FLAK IN YUGOSLAVIA
It should be borne in mind that the German forces in Yugoslavia's primary task was to preserve freedom of movement along the lines of communication, i.e. the main roads and railways, to keep open the ports and dock facilities, and to
maintain garrisons in the larger and more important towns and areas.
A high proportion of the flak defences (consisting largely of mobile guns), was concentrated around the main communications centres and at vulnerable points, such as bridges, viaducts etc., along the main line lines of communication. For example, the flak defences covering Zagreb were not there to protect the city, as was the case in major cities in Germany, but to defend the marshalling yards, roads and rail lines. The Adriatic ports, several of the larger airfields and a few important industrial facilities situated in open country were also relatively heavily defended, likewise the larger naval units and Siebel ferries. However, it was the mobile
batteries of light and medium guns placed along rail routes, and the concentrated light flak encountered from large motor transport convoys and trains that inflicted the majority of damage to BAF aircraft.
These mobile batteries were deployed rapidly along rail and road routes that were in heaviest use during periods of reinforcement or evacuation. Similarly, flak towers were occasionally set up along minor routes. A good example of that, was provided at the end of February 1945, when the hitherto unimportant Bihac-Kostajanica-Sunja railway was shown by photo reconnaissance to be defended by flak towers, plus numerous other flak positions. In March, the line was busily employed for the reinforcement of the 104th Division in it's positions covering Bihac.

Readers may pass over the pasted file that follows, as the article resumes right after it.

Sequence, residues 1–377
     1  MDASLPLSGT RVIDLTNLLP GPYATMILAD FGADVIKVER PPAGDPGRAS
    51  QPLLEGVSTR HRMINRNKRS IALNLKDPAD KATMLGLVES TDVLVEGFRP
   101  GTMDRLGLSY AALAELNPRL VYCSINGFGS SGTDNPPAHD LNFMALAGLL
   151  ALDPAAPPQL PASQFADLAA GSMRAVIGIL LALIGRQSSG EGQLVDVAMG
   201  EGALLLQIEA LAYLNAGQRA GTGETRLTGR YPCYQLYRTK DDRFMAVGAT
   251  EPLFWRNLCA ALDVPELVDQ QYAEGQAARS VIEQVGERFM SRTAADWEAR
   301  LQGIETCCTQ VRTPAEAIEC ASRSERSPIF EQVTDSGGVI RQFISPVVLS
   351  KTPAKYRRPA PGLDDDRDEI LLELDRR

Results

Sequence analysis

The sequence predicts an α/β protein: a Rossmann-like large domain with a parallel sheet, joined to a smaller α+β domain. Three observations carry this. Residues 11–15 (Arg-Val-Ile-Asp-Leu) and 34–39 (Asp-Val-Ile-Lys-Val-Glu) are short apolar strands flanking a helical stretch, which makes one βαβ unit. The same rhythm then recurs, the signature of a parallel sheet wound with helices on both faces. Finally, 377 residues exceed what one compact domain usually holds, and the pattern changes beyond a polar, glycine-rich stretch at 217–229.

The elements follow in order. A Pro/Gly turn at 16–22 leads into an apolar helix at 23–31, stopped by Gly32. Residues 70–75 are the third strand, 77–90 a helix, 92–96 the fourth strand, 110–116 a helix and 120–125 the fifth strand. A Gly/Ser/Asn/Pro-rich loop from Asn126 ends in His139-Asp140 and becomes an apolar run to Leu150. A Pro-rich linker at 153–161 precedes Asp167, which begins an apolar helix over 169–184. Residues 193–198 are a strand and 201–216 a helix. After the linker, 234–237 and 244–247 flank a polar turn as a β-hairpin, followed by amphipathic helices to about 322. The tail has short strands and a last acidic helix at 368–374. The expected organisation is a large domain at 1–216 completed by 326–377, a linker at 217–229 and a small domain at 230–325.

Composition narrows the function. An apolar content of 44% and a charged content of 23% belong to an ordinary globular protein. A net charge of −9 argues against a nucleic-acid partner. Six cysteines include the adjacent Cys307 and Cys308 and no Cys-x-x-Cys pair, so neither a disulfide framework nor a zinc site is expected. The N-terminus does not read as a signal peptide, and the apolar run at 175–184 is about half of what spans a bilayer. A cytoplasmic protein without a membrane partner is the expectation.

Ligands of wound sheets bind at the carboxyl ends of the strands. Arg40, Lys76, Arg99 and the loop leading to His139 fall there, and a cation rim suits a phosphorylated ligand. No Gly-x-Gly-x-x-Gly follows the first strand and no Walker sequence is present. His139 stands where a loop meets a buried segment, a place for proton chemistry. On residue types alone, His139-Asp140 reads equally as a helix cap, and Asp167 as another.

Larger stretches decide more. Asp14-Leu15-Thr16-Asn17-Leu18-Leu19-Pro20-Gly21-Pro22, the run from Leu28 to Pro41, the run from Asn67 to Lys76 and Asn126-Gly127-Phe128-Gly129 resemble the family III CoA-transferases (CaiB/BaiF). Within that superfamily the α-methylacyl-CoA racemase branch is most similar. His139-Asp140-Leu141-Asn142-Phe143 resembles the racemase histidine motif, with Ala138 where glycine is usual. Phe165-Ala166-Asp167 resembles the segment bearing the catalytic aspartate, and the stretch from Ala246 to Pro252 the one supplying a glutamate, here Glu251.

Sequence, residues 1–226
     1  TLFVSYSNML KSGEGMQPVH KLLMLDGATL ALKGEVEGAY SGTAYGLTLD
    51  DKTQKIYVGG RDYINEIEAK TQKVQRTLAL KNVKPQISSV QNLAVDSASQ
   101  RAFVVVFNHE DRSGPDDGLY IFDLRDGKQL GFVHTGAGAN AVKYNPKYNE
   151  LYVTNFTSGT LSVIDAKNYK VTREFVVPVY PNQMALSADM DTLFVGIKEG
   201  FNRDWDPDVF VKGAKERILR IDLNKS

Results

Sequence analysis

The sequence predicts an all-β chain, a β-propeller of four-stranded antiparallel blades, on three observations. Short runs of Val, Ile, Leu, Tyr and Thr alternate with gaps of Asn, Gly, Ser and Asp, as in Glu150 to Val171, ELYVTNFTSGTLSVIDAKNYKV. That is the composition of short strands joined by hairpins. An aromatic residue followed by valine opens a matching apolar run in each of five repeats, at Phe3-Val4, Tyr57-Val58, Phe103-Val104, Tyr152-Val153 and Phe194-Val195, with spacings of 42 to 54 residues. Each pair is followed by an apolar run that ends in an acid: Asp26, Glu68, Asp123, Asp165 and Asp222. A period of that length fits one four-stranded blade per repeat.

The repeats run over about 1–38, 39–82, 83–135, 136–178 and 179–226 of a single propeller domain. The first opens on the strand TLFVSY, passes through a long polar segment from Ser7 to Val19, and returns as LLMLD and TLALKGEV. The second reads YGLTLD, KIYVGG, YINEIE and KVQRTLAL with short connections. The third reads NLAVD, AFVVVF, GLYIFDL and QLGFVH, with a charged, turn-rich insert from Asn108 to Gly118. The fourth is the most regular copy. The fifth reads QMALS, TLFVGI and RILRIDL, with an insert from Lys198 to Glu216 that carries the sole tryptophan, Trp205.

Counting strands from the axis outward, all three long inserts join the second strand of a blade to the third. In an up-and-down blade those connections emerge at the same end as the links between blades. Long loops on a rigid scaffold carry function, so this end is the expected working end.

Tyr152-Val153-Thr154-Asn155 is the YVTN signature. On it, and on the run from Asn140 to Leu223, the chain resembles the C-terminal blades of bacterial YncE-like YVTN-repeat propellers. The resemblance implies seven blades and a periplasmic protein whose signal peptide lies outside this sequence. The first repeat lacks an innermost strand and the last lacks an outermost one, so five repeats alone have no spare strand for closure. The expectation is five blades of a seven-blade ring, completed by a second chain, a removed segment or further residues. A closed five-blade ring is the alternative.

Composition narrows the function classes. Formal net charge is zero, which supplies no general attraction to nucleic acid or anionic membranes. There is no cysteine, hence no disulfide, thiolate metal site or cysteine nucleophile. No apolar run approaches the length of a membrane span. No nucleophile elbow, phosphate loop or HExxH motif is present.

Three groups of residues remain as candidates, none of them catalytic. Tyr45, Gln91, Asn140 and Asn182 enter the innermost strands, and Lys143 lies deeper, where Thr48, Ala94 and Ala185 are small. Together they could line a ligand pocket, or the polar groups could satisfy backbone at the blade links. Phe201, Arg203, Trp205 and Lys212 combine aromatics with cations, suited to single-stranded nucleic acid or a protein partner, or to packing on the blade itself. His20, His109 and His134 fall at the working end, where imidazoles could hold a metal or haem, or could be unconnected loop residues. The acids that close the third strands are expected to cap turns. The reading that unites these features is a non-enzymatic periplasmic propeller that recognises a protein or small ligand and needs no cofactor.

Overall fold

Motor transport convoys, particularly when movement was on a divisional or larger scale, invariably produced strong light flak reaction to ground attack aircraft, such as rocket-firing Hurricanes, Mustangs and Beaufighters. On many occasions, reasonable conditions for their attacks could only be achieved by the employment of medium and light bomber missions to bring about disorganization and dispersal.
With rail interdiction becoming one of the chief objectives of air operations in support of the Partisan Army, traffic on the main rail lines was defended by the maximum available number of flak wagons, and were so effective, particularly against the Beaufighter. This effectiveness was a prime factor in the decision to re-equip 39 Squadron with the Martin Marauder in late 1945.
in the decision to re-equip 39 Squadron with the Martin Marauder in late 1945.
As the German Forces retreated to the North-West so the number of flak guns increased in proportion to the territory left to be defended, thereby increasing opposition to both ground attack and medium -level missions. The following table gives some indication of the flak strength and disposition in April 1945, the last full month of the fighting :-
From this table it can be seen that these targets were as heavily defended as ever, right up until the end of hostilities in Yugoslavia.
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